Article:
On Saturday, the Times-Union published Anna Eleanor Roosevelt’s letter to Governor Andrew Cuomo asking him to ensure that public financing of elections stays in the state budget. Anna Roosevelt, the granddaughter of President Franklin D. Roosevelt, said that with Congress gridlocked, the opportunity for resolving the problems of governance lies with the states. Governors of New York, from Theodore Roosevelt, who as president first proposed public financing as a remedy to the corruption of the Gilded Age, to Mario Cuomo, who authorized the Feerick Commission to investigate the state’s campaign finance laws, all understood that “New York can set the pace for the nation.” Roosevelt applauded the governor for including reform in his budget, saying that such a system would incentivize candidates to raise money from small donors, rather than special interests. However, she insisted, Cuomo must now “leverage to ensure a vote” on the matter, and make certain that reform stays in the budget during the last-minute negotiations with the leaders of the Assembly Democrats, the Senate Independent Democratic Conference and the Senate Republicans. “I know that millions of New Yorkers — and many millions more beyond New York — will be grateful if you indeed accomplish this,” Roosevelt stated.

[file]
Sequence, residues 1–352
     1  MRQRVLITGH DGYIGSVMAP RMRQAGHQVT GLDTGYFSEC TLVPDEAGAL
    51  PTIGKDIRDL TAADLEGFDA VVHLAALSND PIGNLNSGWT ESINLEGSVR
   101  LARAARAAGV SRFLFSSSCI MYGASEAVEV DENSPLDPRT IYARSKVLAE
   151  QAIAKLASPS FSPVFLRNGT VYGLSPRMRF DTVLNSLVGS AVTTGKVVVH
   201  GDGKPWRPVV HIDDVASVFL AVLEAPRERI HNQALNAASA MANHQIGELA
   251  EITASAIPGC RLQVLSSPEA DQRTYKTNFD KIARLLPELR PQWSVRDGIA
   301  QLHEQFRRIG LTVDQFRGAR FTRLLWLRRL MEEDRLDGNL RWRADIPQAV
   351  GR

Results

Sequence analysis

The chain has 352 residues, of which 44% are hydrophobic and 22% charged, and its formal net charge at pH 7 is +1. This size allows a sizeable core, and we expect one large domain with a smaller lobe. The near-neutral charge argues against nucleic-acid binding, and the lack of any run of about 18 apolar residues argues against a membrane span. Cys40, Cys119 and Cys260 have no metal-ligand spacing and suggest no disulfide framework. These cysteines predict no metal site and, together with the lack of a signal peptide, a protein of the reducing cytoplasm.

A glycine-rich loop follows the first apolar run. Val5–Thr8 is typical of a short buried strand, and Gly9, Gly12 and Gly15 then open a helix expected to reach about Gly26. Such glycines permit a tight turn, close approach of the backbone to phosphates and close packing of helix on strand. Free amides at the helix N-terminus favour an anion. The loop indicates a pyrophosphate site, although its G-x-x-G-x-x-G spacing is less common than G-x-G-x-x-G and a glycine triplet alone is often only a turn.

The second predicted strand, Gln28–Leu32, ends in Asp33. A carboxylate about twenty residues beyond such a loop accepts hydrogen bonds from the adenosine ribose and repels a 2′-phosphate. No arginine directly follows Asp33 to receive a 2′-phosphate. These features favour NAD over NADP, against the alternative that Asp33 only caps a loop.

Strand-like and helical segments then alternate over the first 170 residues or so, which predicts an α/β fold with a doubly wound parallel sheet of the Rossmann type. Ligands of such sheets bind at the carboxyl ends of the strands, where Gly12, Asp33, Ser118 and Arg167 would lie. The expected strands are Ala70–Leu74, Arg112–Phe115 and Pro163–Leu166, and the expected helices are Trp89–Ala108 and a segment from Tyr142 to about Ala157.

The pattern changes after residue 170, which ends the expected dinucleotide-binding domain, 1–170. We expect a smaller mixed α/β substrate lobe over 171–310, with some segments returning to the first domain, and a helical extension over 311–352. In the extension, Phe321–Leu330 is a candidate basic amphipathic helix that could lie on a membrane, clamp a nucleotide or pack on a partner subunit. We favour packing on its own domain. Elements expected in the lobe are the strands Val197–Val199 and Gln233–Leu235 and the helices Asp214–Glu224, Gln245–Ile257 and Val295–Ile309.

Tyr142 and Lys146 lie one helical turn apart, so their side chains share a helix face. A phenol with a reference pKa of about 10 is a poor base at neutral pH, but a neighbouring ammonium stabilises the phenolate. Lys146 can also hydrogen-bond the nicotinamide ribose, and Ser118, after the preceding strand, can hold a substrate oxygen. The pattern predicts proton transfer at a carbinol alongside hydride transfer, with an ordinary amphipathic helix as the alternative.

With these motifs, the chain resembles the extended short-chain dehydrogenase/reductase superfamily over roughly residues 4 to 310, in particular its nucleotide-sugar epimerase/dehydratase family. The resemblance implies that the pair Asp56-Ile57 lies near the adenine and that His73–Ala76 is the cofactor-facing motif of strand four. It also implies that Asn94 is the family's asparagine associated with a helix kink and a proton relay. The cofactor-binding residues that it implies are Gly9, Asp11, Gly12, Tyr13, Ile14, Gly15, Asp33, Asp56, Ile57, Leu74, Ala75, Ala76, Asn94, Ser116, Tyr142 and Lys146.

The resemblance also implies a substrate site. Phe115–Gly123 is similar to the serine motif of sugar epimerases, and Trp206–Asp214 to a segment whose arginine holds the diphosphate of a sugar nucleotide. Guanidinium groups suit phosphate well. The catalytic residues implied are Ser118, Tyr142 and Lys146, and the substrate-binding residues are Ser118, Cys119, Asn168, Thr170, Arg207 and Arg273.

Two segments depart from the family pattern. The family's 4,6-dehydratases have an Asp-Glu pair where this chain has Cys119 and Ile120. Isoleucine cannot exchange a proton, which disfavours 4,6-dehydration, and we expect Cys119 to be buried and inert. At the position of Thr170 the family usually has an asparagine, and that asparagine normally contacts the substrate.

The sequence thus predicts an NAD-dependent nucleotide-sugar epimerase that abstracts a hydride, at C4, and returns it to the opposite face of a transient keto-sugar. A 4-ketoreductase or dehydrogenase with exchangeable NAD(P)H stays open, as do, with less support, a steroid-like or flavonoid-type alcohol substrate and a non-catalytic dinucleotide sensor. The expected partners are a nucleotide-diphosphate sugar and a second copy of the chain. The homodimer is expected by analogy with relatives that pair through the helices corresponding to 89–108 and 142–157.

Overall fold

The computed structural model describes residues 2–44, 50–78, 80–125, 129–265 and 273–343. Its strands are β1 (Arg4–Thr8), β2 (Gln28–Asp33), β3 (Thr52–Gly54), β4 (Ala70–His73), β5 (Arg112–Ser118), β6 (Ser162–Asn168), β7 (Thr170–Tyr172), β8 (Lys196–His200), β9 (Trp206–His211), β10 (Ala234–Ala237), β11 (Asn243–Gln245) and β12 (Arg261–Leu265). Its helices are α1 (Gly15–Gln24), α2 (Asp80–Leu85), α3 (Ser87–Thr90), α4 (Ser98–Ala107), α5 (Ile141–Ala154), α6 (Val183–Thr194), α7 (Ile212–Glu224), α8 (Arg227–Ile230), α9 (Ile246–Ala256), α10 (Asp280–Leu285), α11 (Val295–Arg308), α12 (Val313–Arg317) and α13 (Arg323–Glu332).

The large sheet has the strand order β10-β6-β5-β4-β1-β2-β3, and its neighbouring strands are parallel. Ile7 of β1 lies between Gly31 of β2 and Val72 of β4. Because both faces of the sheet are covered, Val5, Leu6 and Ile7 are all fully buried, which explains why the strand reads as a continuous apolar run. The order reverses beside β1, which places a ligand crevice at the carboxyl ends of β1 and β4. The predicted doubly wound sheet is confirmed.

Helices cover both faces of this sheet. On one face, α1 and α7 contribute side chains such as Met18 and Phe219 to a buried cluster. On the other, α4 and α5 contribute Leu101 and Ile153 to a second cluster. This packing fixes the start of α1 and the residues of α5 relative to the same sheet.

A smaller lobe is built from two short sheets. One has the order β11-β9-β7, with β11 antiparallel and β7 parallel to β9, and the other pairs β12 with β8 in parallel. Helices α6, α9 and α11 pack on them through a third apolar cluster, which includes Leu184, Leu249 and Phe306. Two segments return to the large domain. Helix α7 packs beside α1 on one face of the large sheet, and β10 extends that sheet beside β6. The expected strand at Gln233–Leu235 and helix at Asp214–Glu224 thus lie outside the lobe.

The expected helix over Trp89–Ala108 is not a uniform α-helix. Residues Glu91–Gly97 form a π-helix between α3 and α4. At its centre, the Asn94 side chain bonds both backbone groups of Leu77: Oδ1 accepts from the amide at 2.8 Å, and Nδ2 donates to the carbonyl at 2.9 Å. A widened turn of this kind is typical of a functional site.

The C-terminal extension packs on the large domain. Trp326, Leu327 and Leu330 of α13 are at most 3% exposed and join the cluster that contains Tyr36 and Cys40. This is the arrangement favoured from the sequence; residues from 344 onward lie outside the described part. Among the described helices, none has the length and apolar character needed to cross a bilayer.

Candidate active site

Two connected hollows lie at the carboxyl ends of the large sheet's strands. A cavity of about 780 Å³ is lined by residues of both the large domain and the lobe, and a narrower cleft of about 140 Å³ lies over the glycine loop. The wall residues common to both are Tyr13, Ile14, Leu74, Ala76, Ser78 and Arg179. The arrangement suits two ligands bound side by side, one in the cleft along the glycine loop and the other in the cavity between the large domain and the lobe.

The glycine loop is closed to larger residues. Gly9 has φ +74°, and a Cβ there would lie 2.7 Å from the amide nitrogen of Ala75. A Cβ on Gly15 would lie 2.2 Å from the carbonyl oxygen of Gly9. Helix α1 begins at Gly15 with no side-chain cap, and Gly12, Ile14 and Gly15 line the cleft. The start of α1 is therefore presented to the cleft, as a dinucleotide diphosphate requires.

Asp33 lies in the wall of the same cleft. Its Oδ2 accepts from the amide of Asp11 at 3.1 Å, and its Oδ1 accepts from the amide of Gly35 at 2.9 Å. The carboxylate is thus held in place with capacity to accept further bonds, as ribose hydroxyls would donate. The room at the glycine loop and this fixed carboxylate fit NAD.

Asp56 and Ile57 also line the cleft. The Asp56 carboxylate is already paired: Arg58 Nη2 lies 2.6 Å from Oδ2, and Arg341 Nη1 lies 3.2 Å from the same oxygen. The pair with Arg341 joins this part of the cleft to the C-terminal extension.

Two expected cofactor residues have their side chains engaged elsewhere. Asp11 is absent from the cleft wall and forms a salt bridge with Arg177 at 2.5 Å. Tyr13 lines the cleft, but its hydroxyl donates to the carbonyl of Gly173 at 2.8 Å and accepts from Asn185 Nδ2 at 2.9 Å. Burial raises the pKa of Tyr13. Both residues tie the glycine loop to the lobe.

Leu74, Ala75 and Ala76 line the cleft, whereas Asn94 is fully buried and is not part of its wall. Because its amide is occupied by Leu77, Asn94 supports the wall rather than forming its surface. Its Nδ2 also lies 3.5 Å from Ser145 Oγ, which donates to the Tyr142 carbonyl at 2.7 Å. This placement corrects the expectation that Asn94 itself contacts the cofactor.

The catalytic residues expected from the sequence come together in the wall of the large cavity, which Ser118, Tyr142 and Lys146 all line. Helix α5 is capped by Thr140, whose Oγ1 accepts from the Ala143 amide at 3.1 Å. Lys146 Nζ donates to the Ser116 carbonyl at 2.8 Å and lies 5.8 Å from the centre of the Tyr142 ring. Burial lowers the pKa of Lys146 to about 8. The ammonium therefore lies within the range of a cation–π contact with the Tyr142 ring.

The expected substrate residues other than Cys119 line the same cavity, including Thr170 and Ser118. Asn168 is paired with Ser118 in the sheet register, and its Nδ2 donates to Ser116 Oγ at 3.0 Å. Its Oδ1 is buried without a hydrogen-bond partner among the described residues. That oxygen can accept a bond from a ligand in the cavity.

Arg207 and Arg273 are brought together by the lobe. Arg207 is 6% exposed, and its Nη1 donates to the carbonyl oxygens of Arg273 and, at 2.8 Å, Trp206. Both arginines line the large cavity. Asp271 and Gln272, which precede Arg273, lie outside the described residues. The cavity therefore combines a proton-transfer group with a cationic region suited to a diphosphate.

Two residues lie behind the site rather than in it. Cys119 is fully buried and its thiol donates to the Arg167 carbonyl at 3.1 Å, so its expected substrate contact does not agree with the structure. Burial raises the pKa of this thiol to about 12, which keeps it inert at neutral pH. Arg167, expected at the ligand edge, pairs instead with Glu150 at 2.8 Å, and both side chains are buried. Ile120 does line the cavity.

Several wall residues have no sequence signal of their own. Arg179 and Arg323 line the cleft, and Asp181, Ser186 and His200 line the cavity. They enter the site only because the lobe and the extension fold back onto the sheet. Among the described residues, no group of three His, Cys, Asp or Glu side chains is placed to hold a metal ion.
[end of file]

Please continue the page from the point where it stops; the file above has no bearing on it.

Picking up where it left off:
Utica Observer-Dispatch: Public Financing Should Pass This Year
This week, a Utica Observer-Dispatch editorial pressed Governor Cuomo and state legislative leaders to pass reform before the April 1st deadline for the budget. Some lawmakers are reluctant to accept reform, the Observer-Dispatch argued, because the current system provides incumbents with “comfort and job security.” Most incumbents have widespread name recognition in their district and a large war chest of campaign funds to deter any potential challengers. In order to build up their campaign funds, legislators rely heavily on lobbyists, corporations, and a few ultra-rich donors—everyone except their constituents. In Maine, the editorial pointed out, 70 percent of legislators partake in a public financing program, which has also boosted participation. “That’s what New York needs…For the first time, campaign finance reform is more than just talk. Cuomo has taken action by including it in his budget, and he now needs to stand his ground. We urge him to do that and make sure this finally gets done — for the sake of all New Yorkers.”
Assemblyman Boyland Convicted on Bribery Charges
In a federal court on Thursday, Assemblyman William Boyland (D-Brooklyn) was convicted on all 21 counts of bribery, mail fraud and extortion that he faced. The 43 year-old Assemblyman was accused of accepting $14,300 and soliciting another $250,000 in bribes from two undercover FBI agents. One of the agents posed as a businessman seeking Boyland’s assistance in obtaining permits for a carnival in the Assemblyman’s district. Boyland also allocated public funds for the elderly into a non-profit organization he controlled, later using the money for campaign events. In addition to all of this, Boyland submitted more than $70,000 in fraudulent reimbursement expenses to the Assembly. This latest departure brings the number of vacancies in the 150-member Assembly up to 10, along with two in the state Senate—many due to corruption, sexual harassment and other ethics scandals.